So as of writing this, the in-game counter for Xenoblade Chronicles 2 has me at about 50 hours of playtime. I haven’t finished it – in actuality I just finished Chapter 5 and it supposedly can take close to 100 hours to finish entirely – but I figure 50 hours is a solid enough amount of time to spend with a video game for a good review. And while I can’t say Xenoblade Chronicles 2 is a bad game since I’ve spent over two days playing it, it definitely has issues that detract from the overall experience.
Let’s start with the story. Xenoblade 2 takes place in a world where everyone lives on the backs of giant creatures called Titans. Titans are essentially giant, living, roaming continents that cities and civilizations have been built on top of. The Titans walk through what is called the Cloud Sea, which is pretty much exactly what it says on the tin – an endless sea of clouds that cover the world to the point that only the giant Titans can exist above cloud level.
In Xenoblade 2, you play as Rex – a young man who works as a salvager, aka a person who dives into the Cloud Sea to salvage equipment, materials, and basically anything else he can find. Along the way he becomes a Driver – Drivers are special people who can resonate with Blades, which are humanoids (and sometimes animals) that have special powers and essentially serve as the most powerful weapons of this world. However once a Driver resonates with a Blade, they are partnered together until one or the other dies.
So that’s the basics for the world-building of Xenoblade 2. And while the world-building is pretty great, this game is also very Japanese anime. Some of the women in the game are dressed…questionably. There’s a female robot who when activated her initial setting is a maid who calls everyone “Master.” One of the female Blades you can acquire is designed with such “assets” that her spine should probably be broken. And that’s just how the game treats the womenfolk. There’s the typical protagonist-mistakenly-pervs-in-a-big-misunderstanding-so-a-woman-gets-mad-at-him scene, there’s the stereotypical guy who thinks he’s awesome but is actually just a doofus, there’s all sorts of Dragonball Z-esque cut scenes with swords clashing and explosions. It’s a very trope-filled experience from the get-go.
My two personal favorite females in terms of character design – bet you can’t spot the fanservice.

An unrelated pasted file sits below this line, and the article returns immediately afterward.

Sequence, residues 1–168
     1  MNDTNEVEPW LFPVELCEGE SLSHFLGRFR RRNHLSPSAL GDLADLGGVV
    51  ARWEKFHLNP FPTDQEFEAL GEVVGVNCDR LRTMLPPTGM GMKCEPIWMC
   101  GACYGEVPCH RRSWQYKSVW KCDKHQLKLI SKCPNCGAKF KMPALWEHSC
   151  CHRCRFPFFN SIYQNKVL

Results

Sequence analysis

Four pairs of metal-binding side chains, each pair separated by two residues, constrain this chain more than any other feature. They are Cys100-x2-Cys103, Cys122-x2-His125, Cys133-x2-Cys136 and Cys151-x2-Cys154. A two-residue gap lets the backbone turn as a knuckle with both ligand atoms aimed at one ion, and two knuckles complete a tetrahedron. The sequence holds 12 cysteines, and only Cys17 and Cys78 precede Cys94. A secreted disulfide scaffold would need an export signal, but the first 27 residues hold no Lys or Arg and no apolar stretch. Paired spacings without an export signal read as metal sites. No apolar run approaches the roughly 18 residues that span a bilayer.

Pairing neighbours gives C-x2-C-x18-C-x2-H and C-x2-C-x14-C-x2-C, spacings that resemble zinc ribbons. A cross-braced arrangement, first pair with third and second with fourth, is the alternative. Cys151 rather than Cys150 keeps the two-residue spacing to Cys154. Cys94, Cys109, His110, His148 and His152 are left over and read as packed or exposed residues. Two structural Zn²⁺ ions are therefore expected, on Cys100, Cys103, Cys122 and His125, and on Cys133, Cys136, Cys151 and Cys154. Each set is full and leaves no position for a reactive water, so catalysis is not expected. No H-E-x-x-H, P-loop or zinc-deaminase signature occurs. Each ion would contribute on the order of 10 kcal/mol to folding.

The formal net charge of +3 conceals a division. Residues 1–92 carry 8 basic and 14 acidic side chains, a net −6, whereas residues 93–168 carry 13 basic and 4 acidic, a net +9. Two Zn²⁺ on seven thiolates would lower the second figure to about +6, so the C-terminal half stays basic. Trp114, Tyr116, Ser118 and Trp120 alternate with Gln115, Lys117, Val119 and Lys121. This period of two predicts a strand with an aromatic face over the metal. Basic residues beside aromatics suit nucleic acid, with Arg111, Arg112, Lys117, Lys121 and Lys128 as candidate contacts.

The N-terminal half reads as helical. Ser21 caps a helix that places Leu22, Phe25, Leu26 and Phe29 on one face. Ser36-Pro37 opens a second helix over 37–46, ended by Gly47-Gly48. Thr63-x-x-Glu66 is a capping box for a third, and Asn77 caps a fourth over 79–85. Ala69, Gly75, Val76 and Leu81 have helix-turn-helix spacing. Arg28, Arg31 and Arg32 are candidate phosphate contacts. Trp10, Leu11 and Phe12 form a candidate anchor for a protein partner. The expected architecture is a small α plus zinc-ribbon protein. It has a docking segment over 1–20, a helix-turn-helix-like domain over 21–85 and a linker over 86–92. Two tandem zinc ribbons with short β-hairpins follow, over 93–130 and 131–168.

If you can get past all that (which I can completely understand if you can’t) the story itself is sort of interesting. It explores philosophical areas – like how every time a Driver dies, its Blade reverts and loses its memory, so what are Blades? They’re almost immortal, but is it fair for them to be reborn without any recollection of their previous life – to be used as a weapon or whatever else the new Driver feels is necessary? The Titans that roam the world are also dying, and since there is limited living space on the backs of all the Titans it also ends up having parallels to the limited resources of our own planet and what happens when there are too many people to be sustained.
But the philosophical message is occasionally lost as the camera lingers on barely-covered anime girl butt, so your mileage may vary.
The combat is very MMORPG-like – in fact it’s very similar to the combat of Final Fantasy XII, although without the complex Gambit system. You control one character in battle while the other two in your party are on auto-pilot. Within the character you control, you can have up to three Blades active and each Blade has three Arts it can use. While your character automatically uses his or her regular attacks, you choose when to use the Arts which can inflict status effects on the enemies you’re fighting. Each Blade also has a special element associated with it, and if you attack with enough Arts you can link together Blade Combos between party members to do extra damage. And this is just the simplified explanation of it – there’s still a lot more depth to the combat like managing aggro and chain attacks (which are different from combos).
It seems like a very simple and boring combat system at the beginning, but by the time you’ve made your way through all the tutorials it ends up being much more satisfying to chain together long combos against the enemies you’re fighting. And as the game progresses the enemies you face start applying their own status effects and combos against you, so you can’t just let the game run on auto-pilot once the battle starts. Movement and placement of the character you can control can become key to the entire battle. Unlike the aforementioned FFXII, where if you got the right Gambits set up you could literally have the game play for you, Xenoblade 2 requires you to be paying attention to how the battle is going at all times.